AUGUSTA — Maine’s opiate crisis won’t be solved without the help of state and local officials, according to Denis Thoet. That’s why Thoet, a retired journalist and farmer who lives in Augusta, attended a forum on the state’s drug problem Wednesday night.

The forum was the second of its kind to be held at Cony High School this year, and it consisted of several break-out sessions in which six different responses to and aspects of the drug crisis were discussed: advocacy, treatment, medicine, education and prevention, recovery and enforcement.

Given Thoet’s own belief in the importance of public policy to solving the crisis, he attended the session on advocacy led by attorney and Augusta City Councilor Marci Alexander. He specifically would like to see more treatment options for those addicted to heroin and other opiates, and discussed with Alexander strategies for better delivering his message to elected leaders.

Marci Alexander, left, encourages Denis Thoet to send a letter to legislators for public access to an opiate antidote during the workshop sessions of the opiate symposium at Cony High School in Augusta on Wednesday.

Marci Alexander, left, encourages Denis Thoet to send a letter to legislators for public access to an opiate antidote during the workshop sessions of the opiate symposium at Cony High School in Augusta on Wednesday.

“I think it’s important,” Thoet said of advocacy. “We have a problem here, and the problem is not being addressed by government. We need to work with government.”

While the January forum was attended by nearly 300 concerned citizens, just 90 showed up at Wednesday’s, which was titled “Take Back Our Community: Action in Augusta” and organized by groups including Healthy Communities of the Capital Area, the Augusta Board of Education and the Augusta Police Department.

But if the first forum was well-attended, those who showed up at the second had more opportunities to participate. The individual sessions were led by educators, law enforcement officers and addiction counselors, among others. Following the break-out sessions, each facilitator presented some of the solutions that were brainstormed by those in the session.

Ryan Reardon, interim sheriff of Kennebec County, helped lead the session on recovery. After meeting with residents in that session, he said, he began thinking that a pamphlet that provides a comprehensive list of addiction treatment resources could be left in public places such as waiting areas of the jail.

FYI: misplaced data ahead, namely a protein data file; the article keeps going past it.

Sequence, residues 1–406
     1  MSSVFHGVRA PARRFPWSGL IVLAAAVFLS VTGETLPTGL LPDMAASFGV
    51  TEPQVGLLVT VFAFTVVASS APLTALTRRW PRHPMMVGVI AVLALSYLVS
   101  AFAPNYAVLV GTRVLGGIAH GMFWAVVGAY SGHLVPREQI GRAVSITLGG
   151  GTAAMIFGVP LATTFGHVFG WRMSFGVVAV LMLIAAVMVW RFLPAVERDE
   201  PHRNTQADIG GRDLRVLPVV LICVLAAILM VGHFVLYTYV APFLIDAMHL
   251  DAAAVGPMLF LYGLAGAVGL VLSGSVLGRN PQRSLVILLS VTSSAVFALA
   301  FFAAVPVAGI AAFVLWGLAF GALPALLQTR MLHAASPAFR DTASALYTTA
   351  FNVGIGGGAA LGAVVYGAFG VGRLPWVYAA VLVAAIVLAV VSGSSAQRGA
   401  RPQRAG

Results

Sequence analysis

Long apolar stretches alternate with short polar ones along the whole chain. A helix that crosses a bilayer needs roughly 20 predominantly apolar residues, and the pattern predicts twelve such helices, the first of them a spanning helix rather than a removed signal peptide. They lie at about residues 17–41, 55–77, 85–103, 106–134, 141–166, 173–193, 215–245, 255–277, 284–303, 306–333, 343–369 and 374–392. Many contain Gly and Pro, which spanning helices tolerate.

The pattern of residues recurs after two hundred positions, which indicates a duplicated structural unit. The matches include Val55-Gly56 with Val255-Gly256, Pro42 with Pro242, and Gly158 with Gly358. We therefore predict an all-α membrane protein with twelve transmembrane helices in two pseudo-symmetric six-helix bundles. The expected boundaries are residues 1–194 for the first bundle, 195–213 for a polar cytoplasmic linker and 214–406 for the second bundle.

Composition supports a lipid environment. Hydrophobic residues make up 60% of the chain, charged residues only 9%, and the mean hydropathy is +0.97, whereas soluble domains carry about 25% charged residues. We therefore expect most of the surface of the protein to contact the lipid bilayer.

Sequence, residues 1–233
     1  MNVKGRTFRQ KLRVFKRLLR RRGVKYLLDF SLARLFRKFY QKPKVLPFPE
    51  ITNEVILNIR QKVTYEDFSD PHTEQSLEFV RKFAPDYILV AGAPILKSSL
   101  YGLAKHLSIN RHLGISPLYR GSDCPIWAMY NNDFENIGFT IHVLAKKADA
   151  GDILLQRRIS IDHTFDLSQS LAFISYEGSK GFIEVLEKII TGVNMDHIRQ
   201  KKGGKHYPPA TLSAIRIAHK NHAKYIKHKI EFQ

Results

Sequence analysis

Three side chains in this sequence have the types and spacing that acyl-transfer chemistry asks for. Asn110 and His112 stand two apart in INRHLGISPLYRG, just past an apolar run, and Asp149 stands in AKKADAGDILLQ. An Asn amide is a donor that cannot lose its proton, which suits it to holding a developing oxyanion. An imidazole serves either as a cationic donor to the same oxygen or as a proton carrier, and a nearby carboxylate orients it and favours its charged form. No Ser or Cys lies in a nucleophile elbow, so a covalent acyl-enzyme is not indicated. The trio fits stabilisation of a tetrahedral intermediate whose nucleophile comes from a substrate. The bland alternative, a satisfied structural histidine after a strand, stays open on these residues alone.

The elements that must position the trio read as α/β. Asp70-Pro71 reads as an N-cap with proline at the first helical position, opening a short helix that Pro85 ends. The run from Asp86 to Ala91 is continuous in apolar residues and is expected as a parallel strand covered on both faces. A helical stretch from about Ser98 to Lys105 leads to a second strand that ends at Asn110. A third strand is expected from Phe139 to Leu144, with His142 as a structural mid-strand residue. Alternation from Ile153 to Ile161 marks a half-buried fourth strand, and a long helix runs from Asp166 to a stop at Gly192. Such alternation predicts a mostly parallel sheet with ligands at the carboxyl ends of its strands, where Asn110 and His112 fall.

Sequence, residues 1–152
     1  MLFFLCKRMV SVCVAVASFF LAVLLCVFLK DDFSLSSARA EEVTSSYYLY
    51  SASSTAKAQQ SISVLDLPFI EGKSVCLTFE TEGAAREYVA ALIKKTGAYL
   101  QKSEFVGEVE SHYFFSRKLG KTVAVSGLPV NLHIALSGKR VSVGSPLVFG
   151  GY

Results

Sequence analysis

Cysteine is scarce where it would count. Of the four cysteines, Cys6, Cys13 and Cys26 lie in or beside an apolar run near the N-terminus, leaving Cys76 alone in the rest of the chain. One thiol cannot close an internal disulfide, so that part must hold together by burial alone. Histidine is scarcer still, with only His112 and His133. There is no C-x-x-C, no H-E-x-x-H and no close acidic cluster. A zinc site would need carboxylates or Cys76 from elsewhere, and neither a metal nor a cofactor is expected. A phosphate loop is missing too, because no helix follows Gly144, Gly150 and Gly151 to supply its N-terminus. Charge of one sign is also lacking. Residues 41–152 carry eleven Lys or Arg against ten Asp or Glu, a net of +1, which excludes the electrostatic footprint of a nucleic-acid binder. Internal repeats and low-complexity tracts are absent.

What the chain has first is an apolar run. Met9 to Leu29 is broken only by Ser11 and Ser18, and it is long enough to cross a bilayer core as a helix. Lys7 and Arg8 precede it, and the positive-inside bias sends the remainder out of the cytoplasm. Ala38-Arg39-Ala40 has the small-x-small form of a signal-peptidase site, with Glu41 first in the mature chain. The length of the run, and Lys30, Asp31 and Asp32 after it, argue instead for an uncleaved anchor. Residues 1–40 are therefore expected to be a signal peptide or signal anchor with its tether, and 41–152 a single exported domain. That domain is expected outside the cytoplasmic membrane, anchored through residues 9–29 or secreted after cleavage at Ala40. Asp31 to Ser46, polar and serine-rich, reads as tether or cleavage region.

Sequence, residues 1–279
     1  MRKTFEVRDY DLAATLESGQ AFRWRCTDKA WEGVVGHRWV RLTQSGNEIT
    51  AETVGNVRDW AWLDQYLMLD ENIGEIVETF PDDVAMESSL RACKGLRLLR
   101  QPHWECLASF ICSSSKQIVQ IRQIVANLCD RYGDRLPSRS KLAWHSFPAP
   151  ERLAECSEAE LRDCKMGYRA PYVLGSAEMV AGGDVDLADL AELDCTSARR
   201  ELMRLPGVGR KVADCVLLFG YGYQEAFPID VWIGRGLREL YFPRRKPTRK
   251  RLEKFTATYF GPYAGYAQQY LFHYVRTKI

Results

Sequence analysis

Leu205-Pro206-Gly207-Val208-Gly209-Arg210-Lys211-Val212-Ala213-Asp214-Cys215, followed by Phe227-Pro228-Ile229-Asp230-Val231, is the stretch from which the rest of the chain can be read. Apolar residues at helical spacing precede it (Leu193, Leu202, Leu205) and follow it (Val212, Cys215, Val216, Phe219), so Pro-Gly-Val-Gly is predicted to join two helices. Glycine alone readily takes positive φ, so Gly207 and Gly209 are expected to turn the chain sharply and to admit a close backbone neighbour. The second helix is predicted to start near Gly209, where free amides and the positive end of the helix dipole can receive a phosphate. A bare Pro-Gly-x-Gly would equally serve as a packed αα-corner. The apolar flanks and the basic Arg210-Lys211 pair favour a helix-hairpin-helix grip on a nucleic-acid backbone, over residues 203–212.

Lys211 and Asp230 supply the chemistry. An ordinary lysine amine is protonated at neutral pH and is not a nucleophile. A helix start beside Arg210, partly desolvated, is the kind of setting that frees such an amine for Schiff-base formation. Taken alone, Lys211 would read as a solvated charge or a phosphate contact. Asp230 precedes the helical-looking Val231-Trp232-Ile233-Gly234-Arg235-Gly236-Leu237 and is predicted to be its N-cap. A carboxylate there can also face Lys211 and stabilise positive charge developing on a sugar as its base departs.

Melanie Thompson, a doctor at MaineGeneral Medical Center, said her group discussed ways health care providers could prescribe fewer opiates and use less stigmatizing language when treating drug users.

At this point, the stakes for coming up with effective solutions to the drug crisis are great.

Statewide, drug overdose deaths increased by 31 percent in 2015, reaching a new high of 272 fatalities that was fueled by a near doubling of heroin deaths, according to data released earlier this month by the attorney general’s office. There were 107 deaths from heroin, compared to 57 heroin overdoses the previous year.

In Augusta alone, the Augusta Fire Department responded to 50 heroin overdoses in 2015, up from 26 in 2014 and just six in 2007, according to Fire Chief Roger Audette. The Augusta department used Narcan, a drug which can revive heroin users who have overdosed, 44 times in 2015 to revive people who weren’t breathing.

The issue hit home for many who attended the forum Wednesday night. Psychologist Fred White was facilitating the event, and when he asked how many were affected personally by the crisis, at least half of the audience raised its hands.

Few of the solutions they were brainstormed Wednesday night were new, but according to White, at least a few of them could be implemented in the next day, week or year.

Charles Eichacker — 621-5642

[email protected]

Twitter: @ceichacker


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